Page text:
The Cubs are playing in a division that just doesn’t have a lot of competitive teams. The Cardinals are very good: they’re almost certainly going to win the NL Central this year. But there isn’t a lot of daylight between the Brewers and Cubs, and the Pirates and Reds aren’t likely to rise significantly in 2023.
The Cubs were a young hitting team: they were the fourth-youngest batting team in the NL last year, trailing Pittsburg, Arizona, and Atlanta. Their pitchers were older. I think it’s better to have young hitters and older pitchers than vice-versa, though that is only a personal prejudice, not a statement of anything more definitive.
And they are a good organization. The team, under manager David Ross and President Jed Hoyer, is led by people who have a decent grasp on the fundamentals of success. Their offseason moves were deliberate and reasoned, and you get the sense that this team will make appropriate adjustments as the season reveals where they stand.
So that’s it. I’d rate my surprise teams as:
1.       Chicago Cubs
2.       Los Angeles Ohtanis of Troutville
3.       Arizona Diamondbacks
4.       Boston Red Sox
5.       Detroit Tigers
Who ya got?
David Fleming is a writer living in southwestern Virginia. Not south-southwestern Virginia or southwest-western Virginia, but far enough from D.C. to make it a pain to get there. He welcomes comments and questions here and at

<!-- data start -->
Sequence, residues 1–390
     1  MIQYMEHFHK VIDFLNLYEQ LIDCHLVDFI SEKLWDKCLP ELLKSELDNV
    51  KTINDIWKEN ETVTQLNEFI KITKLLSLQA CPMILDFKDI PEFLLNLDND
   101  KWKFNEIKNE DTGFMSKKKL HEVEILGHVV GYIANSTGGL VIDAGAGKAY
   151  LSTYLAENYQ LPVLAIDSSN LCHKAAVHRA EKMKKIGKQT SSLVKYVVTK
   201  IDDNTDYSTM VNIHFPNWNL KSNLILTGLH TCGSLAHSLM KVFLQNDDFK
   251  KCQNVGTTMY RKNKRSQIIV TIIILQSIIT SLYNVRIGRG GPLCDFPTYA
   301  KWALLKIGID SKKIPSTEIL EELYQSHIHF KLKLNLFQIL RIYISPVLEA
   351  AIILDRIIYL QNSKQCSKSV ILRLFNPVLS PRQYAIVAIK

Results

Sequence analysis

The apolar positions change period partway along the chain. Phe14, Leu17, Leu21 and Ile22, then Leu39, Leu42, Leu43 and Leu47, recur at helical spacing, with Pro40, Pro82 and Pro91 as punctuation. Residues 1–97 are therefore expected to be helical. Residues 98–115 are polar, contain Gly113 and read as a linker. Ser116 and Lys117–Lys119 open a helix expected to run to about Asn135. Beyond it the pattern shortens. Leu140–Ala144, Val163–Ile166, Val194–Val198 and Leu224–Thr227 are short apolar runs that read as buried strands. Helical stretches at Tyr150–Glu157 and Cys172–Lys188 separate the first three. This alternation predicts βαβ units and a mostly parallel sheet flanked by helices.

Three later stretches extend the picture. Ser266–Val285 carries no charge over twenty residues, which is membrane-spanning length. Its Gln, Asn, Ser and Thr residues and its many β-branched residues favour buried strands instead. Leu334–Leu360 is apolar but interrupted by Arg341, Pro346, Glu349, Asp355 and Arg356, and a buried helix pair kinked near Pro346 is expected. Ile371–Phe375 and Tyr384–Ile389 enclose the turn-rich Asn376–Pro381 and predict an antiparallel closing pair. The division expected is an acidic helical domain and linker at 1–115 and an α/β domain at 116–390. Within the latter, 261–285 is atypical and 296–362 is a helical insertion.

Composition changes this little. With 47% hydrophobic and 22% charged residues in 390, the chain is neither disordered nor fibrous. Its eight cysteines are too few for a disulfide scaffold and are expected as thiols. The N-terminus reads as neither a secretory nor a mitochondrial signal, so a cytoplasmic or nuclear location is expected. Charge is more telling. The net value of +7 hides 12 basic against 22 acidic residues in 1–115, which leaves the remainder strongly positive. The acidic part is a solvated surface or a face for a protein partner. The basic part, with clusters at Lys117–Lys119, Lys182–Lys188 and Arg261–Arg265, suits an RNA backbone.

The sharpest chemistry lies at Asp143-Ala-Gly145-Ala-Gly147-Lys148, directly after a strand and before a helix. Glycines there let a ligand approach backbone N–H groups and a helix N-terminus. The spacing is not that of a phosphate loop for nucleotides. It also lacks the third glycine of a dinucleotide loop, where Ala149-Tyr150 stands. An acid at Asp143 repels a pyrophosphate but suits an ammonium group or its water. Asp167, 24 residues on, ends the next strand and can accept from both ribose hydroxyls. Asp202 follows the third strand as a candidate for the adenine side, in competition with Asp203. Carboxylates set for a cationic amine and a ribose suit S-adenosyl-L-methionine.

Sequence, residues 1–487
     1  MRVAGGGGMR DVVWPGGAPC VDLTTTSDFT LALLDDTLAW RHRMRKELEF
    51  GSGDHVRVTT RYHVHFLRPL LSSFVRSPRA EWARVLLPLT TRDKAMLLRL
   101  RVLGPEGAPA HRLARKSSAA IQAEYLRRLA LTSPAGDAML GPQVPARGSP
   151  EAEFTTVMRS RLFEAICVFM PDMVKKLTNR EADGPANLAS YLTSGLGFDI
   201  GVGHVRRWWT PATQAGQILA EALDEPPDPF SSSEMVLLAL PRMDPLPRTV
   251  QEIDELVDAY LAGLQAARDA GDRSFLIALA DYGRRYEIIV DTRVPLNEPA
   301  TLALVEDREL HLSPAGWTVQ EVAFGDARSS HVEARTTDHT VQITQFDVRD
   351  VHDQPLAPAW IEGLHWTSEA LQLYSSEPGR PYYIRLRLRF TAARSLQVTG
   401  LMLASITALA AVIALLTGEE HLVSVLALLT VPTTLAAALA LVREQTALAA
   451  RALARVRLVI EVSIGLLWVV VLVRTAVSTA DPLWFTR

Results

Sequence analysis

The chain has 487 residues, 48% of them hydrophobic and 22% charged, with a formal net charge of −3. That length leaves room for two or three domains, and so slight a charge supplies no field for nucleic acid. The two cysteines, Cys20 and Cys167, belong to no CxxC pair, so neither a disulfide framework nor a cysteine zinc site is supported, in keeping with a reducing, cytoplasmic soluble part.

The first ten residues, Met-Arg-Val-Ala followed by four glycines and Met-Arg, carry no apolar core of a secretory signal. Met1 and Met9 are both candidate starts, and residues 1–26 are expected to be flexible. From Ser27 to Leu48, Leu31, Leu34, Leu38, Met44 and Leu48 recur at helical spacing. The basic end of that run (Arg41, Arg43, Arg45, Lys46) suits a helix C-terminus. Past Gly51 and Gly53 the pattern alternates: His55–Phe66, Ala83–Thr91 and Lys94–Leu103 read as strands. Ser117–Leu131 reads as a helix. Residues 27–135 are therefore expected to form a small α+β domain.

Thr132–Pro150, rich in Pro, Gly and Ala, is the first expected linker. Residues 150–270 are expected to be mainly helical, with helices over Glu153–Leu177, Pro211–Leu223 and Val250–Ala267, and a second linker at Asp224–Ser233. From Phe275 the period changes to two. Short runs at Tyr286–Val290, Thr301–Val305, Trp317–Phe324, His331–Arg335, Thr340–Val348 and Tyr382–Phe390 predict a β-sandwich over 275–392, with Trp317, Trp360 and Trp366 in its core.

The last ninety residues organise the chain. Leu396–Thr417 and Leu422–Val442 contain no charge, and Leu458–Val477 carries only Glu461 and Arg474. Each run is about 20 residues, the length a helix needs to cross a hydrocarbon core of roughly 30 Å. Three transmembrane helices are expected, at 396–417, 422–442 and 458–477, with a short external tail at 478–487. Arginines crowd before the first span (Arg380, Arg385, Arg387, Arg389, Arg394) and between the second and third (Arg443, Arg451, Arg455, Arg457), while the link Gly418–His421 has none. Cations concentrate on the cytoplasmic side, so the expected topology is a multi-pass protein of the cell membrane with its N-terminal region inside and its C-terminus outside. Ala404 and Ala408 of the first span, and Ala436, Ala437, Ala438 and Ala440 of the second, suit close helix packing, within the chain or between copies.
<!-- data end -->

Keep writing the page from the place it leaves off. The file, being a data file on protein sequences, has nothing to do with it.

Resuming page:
COMMENTS (13 Comments, most recent shown first)

As a Tigers fan of over 50 years, I smell a "surprising but unimpressive" season at CoPa: by dint of sheer regression to the mean, Baez, Schoop and Torkelson will likely be collectively improved, and Rodriguez and Austin Meadows are likely to be average-level players. Even allowing a moderate sophomore slump by Riley Greene, he should still be ok.
So all of this put together wouldn't add up to dramatic improvement or playoff contention, but rather a moderate uptick to something in the neighborhood of .500.
Substantial improvements will have to wait until 2024 when they have several top level pitching prospects (Mize, Manning, Skubal) coming back from Tommy John (a couple may be available toward the end of this season but very unlikely in time to be much help).
10:06 PM Mar 28th
Wrong Chicago team. There is no way the White Sox or any major league team can have as many injuries and off years as the 2022 white Sox did,in addition to a manager who was in no condition to manage a major league team, and they still were a 500 team. They will win 90+ this year.
12:02 PM Mar 25th
Great article. Thanks for sharing Dave! I'm with 77 on this one. Our Royals should improve this year. Though I will disagree on the staff. I think we could have four real pitchers out there and one modern-day GutHRie.
1:32 PM Mar 20th
Thanks for that deep dive, hotstatrat. There have been a lot of 1-2 hitter picks busting in recent years, though Rutschman, Swanson, Correa, and Bryce have been solid.

I'm still an optimist: I think he'll turn out to be a hitter. He lost his junior college year to COVID, and then sprinted through the minors b/c Detroit was going all-in last year. I don't think he was quite ready to adjust THAT quickly from college-level pitching to the majors, but I think he will adjust.